Manuel Pérez Rocha
Institute for Policy Studies
Five Salvadoran social activists traveled to Washington, DC in October to receive the Institute for Policy Studies’ prestigious international Letelier-Moffitt Human Rights award, in an emotional celebration. At the same event, Domestic Workers United in New York, was recognized and awarded at a national level.
These Salvadorans are members of the renowned National Roundtable on Mining in El Salvador, which includes diverse social organizations, environmental groups, and religious organizations, and focuses on local development and research. Known as “The National Roundtable” this organization convinced the government of El Salvador to stop gold mining in their northern communities.
These activists made great achievements against all odds, and amidst a climate of repression that sparked violence and resulted in the assassination of one of the group’s principal organizers, Marcelo Rivera. The National Roundtable works successfully through informational activities, awareness building and mobilizations, destroying the myths that foreign investment in mining can bring progress for rural communities and that such a thing as green mining exists. According to the National Roundtable “the threat of mining was approached as a national problem, not focused only on the communities surrounding the proposed mining projects, but as a problem of survival on a national scale, and on the survival of humanity.” Their campaign demonstrated the infeasibility of metal mining in El Salvador due to “the country’s small size geographically, high population density, severe environmental degradation, and proximity to water resources, among other factors.”
By stopping the Canadian company, Pacific Rim and the U.S. company, Commerce Group, the National Roundtable has halted this exploitation of their lands and the environmental degradation in El Salvador, which is, according to the National Roundtable, “the second worst environmental degradation in the Hemisphere, only after Haiti.” According to them, “mining aggravates this environmental situation due to the pollution-of water, air and soil, caused by the use of toxic chemicals such as cyanide, release of heavy metals (arsenic, lead, cadmium, etc.) and generations of acid drainage.”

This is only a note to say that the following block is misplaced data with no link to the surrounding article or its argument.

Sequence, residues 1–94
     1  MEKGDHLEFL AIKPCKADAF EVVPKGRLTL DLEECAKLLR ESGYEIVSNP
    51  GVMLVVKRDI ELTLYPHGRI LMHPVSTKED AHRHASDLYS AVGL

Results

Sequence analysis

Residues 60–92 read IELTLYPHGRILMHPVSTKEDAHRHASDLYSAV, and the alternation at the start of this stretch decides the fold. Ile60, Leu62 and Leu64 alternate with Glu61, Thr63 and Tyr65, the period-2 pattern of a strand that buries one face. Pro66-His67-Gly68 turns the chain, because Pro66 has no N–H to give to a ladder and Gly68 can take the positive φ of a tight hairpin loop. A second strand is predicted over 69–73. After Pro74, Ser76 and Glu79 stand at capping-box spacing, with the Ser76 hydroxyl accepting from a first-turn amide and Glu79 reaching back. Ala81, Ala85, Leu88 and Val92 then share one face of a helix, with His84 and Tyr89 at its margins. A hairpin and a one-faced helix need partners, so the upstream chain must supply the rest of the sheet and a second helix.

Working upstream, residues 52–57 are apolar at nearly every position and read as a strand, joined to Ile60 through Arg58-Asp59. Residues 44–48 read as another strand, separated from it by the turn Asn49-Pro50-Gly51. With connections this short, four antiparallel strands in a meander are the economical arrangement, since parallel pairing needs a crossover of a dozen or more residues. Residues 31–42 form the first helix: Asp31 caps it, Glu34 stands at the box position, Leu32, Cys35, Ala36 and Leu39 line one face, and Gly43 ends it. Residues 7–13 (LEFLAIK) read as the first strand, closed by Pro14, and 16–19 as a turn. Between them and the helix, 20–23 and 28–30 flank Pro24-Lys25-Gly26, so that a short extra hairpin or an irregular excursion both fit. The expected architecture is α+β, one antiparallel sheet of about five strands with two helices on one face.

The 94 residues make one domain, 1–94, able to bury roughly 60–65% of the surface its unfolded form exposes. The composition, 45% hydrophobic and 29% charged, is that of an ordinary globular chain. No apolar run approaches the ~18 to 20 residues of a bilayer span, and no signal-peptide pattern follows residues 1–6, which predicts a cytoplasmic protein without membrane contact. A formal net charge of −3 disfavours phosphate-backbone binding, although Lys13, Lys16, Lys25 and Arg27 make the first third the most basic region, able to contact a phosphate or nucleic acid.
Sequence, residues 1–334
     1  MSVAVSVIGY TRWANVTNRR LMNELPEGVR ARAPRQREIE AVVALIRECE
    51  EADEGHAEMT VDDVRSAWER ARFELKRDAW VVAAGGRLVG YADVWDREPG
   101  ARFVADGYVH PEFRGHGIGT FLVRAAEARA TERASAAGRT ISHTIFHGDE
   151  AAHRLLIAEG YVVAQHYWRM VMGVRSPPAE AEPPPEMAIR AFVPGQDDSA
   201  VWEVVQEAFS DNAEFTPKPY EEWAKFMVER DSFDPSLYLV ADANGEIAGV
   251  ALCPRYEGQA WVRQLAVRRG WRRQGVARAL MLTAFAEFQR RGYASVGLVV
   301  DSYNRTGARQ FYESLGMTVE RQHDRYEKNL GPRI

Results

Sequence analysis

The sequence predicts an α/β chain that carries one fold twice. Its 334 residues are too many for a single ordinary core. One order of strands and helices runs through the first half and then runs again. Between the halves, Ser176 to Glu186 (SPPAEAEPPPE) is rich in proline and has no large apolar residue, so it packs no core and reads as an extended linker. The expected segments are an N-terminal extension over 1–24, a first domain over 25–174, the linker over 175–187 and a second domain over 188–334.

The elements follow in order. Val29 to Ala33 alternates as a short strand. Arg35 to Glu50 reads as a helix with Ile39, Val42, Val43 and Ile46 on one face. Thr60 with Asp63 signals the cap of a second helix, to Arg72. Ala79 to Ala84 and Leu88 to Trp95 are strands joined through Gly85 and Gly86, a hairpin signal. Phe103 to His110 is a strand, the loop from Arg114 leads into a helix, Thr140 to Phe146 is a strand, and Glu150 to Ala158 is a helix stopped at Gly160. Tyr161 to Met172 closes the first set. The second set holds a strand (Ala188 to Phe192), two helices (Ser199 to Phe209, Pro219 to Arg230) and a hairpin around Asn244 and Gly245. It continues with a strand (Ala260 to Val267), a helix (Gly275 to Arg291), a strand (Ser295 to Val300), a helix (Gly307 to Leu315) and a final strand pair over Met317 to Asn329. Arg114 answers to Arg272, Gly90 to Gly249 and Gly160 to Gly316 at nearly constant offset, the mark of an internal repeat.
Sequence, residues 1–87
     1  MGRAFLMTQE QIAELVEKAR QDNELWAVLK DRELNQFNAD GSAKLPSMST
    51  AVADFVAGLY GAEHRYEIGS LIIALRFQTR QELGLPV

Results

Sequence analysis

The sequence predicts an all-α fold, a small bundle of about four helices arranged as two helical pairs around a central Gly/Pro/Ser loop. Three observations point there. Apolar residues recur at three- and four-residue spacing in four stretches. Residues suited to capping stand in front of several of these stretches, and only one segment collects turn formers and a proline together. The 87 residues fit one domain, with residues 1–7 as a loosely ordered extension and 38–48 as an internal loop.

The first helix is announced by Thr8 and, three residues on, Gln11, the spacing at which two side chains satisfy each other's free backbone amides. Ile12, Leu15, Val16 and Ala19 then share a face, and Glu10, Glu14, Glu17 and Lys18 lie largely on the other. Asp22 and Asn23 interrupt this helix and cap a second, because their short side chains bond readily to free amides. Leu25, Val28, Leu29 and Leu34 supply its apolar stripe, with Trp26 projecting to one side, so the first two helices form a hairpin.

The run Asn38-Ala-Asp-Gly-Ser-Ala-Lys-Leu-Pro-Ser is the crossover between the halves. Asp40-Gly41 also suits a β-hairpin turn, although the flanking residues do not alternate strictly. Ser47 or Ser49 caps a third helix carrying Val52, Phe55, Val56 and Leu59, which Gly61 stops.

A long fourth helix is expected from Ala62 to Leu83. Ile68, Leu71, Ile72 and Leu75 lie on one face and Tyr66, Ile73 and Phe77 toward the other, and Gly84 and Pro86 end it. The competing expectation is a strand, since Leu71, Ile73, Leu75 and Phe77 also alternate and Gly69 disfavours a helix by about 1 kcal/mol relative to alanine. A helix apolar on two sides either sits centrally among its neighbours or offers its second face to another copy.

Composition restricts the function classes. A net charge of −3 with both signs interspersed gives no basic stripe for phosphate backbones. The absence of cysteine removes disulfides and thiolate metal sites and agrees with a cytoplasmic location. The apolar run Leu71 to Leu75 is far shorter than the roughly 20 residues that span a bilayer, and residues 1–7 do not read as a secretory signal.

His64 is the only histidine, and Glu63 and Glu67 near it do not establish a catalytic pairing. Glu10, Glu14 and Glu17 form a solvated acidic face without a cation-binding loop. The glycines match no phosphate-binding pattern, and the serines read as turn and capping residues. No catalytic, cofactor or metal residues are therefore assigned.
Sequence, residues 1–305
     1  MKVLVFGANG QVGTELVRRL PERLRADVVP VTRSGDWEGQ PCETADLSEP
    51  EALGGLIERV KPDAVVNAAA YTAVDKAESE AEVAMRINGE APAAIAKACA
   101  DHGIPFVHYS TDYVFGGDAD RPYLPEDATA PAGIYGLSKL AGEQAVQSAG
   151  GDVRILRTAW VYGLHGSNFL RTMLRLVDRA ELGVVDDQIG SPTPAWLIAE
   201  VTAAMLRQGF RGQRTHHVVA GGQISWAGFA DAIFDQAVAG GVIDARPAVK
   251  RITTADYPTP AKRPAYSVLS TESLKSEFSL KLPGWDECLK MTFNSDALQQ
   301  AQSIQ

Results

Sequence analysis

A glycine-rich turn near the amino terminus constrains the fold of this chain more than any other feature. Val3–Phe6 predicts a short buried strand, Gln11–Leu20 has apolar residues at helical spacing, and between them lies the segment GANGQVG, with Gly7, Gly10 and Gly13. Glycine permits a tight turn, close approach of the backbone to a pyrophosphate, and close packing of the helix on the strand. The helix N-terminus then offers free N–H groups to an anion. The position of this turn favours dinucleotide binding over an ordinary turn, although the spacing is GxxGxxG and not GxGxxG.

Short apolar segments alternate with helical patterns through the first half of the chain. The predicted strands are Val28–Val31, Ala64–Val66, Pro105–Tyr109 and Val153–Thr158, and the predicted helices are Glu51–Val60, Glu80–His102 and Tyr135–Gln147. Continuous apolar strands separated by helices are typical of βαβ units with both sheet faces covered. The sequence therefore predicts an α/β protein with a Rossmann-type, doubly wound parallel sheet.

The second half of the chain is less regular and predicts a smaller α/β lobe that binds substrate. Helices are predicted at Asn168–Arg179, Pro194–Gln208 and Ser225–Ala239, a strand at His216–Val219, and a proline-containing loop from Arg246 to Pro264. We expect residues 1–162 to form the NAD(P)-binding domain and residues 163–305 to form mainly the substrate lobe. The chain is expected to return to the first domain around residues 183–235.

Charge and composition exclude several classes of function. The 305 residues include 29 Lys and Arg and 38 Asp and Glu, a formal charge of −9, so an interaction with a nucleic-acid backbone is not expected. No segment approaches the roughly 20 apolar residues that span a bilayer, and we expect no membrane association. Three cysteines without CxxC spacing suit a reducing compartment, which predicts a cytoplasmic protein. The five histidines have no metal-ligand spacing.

Vidalina Morales of the Association for Local Economic Development (ADES, and part of the National Roundtable) said in her passionate acceptance speech that it is now a case of “the perpetrator who sues the victim.” Indeed, although the National Roundtable organizations and environmental experts (including two United States experts) have managed to demonstrate how the mining company, Pacific Rim, has breached environmental requirements, violated laws, caused environmental damage and economic losses to communities and caused social conflicts and corruption, Pacific Rim is now suing the victim, El Salvador, for $77 million for denying a license for the El Dorado mine.
This demand by Pacific Rim is made under the investment rules of the Central America Free Trade Agreement (DR-CAFTA- a trade agreement between the United States, Central America and the Dominican Republic) under which a foreign investor can sue a national government for having prevented a future gain. These types of cases are resolved in supranational courts, such as the International Centre for the Settlement of Investment Disputes (ICSID- a part of the World Bank), which is the court deciding this case against El Salvador.